The presidential campaign revolved around Scranton. The next presidency almost certainly will not.
Politics and personality aside, the regional economy flourished under President Donald J. Trump’s administration, at least until the pandemic struck.
For different reasons, experts in economics, finance and commercial development feel optimistic that President Elect Joe Biden will bring growth for Northeast Pennsylvania. They’re split, however, on whether his presidency means favoritism for his boyhood hometown.
We should expect Biden’s policies to advance the nation’s interests, not just for one area, said Iordanis Petsas, Ph.D., a University of Scranton economist and chairman of the university’s economics and finance department.
“Joe Biden will be the president of the United States, not the president of Scranton or Northeast Pennsylvania,” he said.
Anyone who paid any attention to the election cycle knows that Biden, 78, was born at Mercy Hospital, now Regional Hospital of Scranton, and lived in the city’s Green Ridge section until age 10.
On the campaign trail, Biden stopped in Northeast Pennsylvania seven times for rallies, a town hall and a television ad video shoot. When he was here, he touted his middle class upbringing and the work ethic he learned from it.
He promised to preserve and/or advance the positions that are especially important to the region’s economy, namely union jobs and natural gas production.
Trump liked to falsely proclaim Biden would end fracking and natural gas development, but when he visited, Biden frequently denounced the accusation and instead described a measured approach, saying that green energy jobs were the distant future, but that natural gas would remain the nation’s fuel of choice, at least for another 15 to 30 years.
While Petsas warned that campaign promises should not be construed as anything more than that, others want to hold the president elect to his word.
“I would hope that he keeps his promise to be true to Northeast Pennsylvania,” said John Augustine, president of Penn’s Northeast, a collaborative funded by regional corporations to attract new commercial development and industry.
Lou Ingargiola, a financial adviser, said not for political reasons, but just the sheer attention the region received, he hopes it pays off materially with new enthusiasm.
“All eyes are on Scranton for the last two elections,” he said. “You would hope that with whatever political weight that Joe Biden or the Scranton people have, that they could direct some businesses to come here.”
Like Trump, Biden will likely pursue America-first policies, but unlike Trump, Biden’s are not “America-only.”
“The president elect wants to have this multilateral approach to work with allied countries to put pressure on China,” Petsas said.
While Trump, who frequently flaunted himself as a great negotiator, flew solo campaigns, most notably tariffs on hundreds of billions of dollars worth of Chinese goods, to level for trade parity.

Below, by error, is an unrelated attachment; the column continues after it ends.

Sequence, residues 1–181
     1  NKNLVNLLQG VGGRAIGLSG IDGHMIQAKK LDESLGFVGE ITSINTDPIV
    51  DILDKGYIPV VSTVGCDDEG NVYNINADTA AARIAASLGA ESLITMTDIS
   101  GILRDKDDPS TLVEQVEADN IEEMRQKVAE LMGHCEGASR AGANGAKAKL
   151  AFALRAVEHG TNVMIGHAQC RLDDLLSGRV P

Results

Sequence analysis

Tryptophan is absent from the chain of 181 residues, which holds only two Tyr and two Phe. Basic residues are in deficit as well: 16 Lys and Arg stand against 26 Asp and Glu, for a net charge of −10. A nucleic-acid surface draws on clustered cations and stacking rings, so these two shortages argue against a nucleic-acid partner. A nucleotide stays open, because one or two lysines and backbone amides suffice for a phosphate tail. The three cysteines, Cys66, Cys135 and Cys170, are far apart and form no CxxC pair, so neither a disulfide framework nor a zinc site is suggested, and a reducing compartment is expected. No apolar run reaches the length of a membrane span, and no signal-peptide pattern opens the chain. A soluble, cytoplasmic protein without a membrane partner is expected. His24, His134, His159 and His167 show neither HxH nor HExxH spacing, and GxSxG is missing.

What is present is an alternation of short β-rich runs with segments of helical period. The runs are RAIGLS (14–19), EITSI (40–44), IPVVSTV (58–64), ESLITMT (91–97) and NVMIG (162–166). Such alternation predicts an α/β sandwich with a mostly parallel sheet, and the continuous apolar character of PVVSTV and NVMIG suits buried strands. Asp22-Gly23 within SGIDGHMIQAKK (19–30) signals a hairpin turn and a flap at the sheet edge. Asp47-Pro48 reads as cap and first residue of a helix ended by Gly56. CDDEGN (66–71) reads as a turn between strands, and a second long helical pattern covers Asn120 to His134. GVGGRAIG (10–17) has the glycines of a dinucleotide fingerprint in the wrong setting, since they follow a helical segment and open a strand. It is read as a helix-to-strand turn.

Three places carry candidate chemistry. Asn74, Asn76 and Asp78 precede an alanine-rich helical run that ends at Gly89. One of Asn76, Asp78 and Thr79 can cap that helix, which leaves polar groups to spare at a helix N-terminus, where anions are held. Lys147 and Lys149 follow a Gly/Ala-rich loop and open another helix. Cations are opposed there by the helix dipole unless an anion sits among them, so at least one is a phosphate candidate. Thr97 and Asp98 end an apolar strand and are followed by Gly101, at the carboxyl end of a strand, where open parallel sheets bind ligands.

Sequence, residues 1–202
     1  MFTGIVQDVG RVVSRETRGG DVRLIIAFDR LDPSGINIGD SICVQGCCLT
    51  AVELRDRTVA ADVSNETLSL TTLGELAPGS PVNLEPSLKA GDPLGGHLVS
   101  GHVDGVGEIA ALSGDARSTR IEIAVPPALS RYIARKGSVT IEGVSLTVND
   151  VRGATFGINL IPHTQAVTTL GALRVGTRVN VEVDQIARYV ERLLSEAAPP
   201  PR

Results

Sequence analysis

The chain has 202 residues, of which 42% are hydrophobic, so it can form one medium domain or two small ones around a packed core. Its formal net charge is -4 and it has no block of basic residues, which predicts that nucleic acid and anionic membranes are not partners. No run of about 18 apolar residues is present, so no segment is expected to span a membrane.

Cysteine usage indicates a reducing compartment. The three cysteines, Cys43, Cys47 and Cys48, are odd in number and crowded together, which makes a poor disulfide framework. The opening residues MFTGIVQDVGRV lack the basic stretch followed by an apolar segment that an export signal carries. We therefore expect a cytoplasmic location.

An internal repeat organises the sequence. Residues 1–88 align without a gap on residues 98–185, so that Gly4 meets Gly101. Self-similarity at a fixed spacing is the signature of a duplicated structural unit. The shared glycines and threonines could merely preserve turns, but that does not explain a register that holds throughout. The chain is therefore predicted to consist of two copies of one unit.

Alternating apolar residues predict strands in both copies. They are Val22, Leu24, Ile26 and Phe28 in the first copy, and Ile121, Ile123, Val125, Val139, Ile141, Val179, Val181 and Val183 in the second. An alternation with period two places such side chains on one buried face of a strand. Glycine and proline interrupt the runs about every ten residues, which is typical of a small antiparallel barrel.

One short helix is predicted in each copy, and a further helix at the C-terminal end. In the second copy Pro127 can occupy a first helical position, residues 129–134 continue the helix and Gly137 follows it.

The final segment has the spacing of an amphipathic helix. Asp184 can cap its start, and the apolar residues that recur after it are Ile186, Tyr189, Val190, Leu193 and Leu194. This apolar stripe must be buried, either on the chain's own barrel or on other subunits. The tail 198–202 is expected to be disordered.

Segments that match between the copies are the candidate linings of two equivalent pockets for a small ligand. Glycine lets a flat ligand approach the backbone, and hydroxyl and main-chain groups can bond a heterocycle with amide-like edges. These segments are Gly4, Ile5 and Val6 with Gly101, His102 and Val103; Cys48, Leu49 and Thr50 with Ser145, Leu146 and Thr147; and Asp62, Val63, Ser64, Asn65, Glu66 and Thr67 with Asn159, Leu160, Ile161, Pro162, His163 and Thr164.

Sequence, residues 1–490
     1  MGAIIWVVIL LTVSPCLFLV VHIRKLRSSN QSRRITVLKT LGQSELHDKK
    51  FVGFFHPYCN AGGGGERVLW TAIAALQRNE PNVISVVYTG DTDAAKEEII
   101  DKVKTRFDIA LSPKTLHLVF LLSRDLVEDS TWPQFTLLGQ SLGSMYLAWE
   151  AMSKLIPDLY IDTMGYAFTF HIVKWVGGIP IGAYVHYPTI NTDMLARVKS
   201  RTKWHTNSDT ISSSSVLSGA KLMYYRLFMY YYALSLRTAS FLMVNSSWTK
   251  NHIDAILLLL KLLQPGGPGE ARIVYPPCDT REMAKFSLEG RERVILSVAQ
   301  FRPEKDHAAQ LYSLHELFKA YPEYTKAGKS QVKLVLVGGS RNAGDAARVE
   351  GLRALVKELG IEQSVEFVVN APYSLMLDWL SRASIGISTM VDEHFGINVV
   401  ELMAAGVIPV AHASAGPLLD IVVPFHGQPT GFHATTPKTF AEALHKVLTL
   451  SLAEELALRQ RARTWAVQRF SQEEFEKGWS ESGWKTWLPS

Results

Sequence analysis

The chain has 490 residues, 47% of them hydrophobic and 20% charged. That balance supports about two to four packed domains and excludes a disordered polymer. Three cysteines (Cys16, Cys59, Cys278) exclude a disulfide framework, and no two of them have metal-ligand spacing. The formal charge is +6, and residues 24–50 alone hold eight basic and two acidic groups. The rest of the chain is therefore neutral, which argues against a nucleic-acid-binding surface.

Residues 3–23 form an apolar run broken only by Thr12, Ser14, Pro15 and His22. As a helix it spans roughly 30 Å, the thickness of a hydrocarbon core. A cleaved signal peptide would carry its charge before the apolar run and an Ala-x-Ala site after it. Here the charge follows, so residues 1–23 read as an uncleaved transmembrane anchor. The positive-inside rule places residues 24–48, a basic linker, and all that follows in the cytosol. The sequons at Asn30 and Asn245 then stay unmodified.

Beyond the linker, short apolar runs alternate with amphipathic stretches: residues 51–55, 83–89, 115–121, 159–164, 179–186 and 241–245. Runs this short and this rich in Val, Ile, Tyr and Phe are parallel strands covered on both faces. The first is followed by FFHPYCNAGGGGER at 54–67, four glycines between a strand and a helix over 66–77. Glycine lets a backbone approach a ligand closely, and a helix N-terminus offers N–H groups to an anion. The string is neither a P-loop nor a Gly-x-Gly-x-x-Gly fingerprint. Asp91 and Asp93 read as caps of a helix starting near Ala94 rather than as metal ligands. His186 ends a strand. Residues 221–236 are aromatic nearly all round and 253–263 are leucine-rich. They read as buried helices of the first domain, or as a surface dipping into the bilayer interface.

He eschewed the trade arrangements that most of the world supports, for example the Trans-Pacific Partnership and the World Trade Organization. Biden would likely, and quickly, restart conversations to resume U.S. involvement.
More specifically, it’s a “given” that Biden will fully fund the U.S. Agency for International Development, appoint judges to the WTO’s dispute panel and begin “multilateral/multiparty efforts to address regional and global problems, and seeking consensus with our allies,” Brookings Institution Senior Fellow George Ingram wrote in a Nov. 9 analysis.
Biden will not look to be a punitive trading partner, and likely will lift tariffs levied against European Union countries, Petsas said. Those placed against China, however, will be more difficult to erase, so our trade agreements with the world’s biggest exporter must be renegotiated.
But what about NEPA?
Many of Northeast Pennsylvania’s companies operate in global markets, but the region also has a very specific economic landscape and demographics.
It saw an explosion of growth over the last decade, particularly in warehousing and distribution. Before the pandemic struck, unemployment hit record low levels – 4.9% in April and May 2018.
Most recent preliminary figures show unemployment rebounded from the highs the pandemic triggered, but it was still at 9.4% in September.
While national politics have their own effect on the regional economy, market trends and long-running trajectories are far more important. Consumer trends in retail, toward online shopping, and the pandemic’s office building cleanout are bigger concerns than the president’s policies.
“I don’t really see the office market coming back the way that it was, nor do I see traditional retail coming back the way that it was,” Augustine said.
That said, the warehousing market remains strong, and manufacturing – a holy grail of sorts among economic development experts – is making a big return.
Just this year, separate aluminum can manufacturers announced plans to build factories, notably on the sites of extinct manufacturing icons. The Polish company Canpack is building a factory on the former Cinram site in Olyphant. Ball Corp. announced plans to build a factory in Jenkins Twp. Both promise hundreds of good-paying jobs.
No president can take away one of the region’s most important assets, inexpensive real estate that’s within a day’s drive to the nation’s largest markets.
For those reasons, Augustine said a drawn-out, pandemic-related retraction is really the biggest threat to growth.
“I’m very bullish on the economy of Northeastern Pennsylvania,” he said. “I would hope that January brings, from a health perspective, a much healthier 2021.”